Earth’s orbit is not stable. It changes over time and in a perfect cycle.
We all know the Earth revolves around the Sun in an almost elliptical orbit. However, you may not have heard that this trajectory is not constant, but that it continually develops in a constant manner?
Recently, a study of the movement of the Earth showed that every 202,500 years, the orbit around the Sun changes from an almost circular shape to an ellipse. But after 202,500 years, it has returned to its original shape – almost round.
This cycle has lasted 405,000 years, occurring steadily for hundreds of millions of years until now.
Right now, our Earth is in a perfectly circular orbit around the Sun, and soon they will turn into an ellipse again.
Why is there this phenomenon?
This is all due to the gravitational interactions that occur between the Earth and the planets in our solar system, especially with Jupiter and Venus.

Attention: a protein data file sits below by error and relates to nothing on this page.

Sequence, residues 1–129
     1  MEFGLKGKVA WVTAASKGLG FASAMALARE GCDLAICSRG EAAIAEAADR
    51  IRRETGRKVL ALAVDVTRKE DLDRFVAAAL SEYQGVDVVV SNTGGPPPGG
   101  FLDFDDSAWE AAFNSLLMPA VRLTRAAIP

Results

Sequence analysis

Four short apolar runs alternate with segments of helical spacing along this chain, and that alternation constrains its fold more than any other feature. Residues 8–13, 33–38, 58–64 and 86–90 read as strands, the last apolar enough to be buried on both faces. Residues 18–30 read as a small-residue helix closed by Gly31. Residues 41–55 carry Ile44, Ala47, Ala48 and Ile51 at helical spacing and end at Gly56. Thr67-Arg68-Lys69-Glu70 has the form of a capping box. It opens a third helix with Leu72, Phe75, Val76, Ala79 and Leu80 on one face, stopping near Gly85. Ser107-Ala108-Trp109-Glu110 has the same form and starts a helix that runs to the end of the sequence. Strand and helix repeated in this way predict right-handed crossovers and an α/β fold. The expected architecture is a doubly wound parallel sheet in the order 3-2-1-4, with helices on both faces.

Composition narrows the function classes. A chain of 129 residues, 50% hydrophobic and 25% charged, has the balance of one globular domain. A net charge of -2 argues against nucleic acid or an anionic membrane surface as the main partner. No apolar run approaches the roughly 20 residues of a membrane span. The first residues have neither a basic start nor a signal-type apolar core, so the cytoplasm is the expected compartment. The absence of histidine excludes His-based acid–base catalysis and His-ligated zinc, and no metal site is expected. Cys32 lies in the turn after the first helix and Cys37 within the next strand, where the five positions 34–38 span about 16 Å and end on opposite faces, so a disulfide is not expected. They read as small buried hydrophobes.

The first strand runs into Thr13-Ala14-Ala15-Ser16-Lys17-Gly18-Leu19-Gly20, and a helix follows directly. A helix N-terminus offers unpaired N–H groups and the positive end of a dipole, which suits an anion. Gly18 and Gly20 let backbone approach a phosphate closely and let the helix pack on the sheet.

Interplanetary interactions – especially with Jupiter and Venus have had a huge effect on Earth’s orbit.
The reason these two planets have such a special impact on Earth’s orbit is that Jupiter is so big and Venus is too close to us. The resulting gravitational force spans orbit and affects the world’s climate for at least 215 million years.
What does this discovery mean?
Understanding orbital changes laid the groundwork for scientists to study geological events of the past in greater depth.
Reality shows that the climate cycles that take place on Earth are closely related to the planet’s orbit around the Sun. Quite simply because each change of orbit affects the amount of light received from the Sun.
With a new 405,000-year cycle discovered by scientists, humans can now quite accurately relate changes in climate, environment, dinosaurs, mammals and fossils.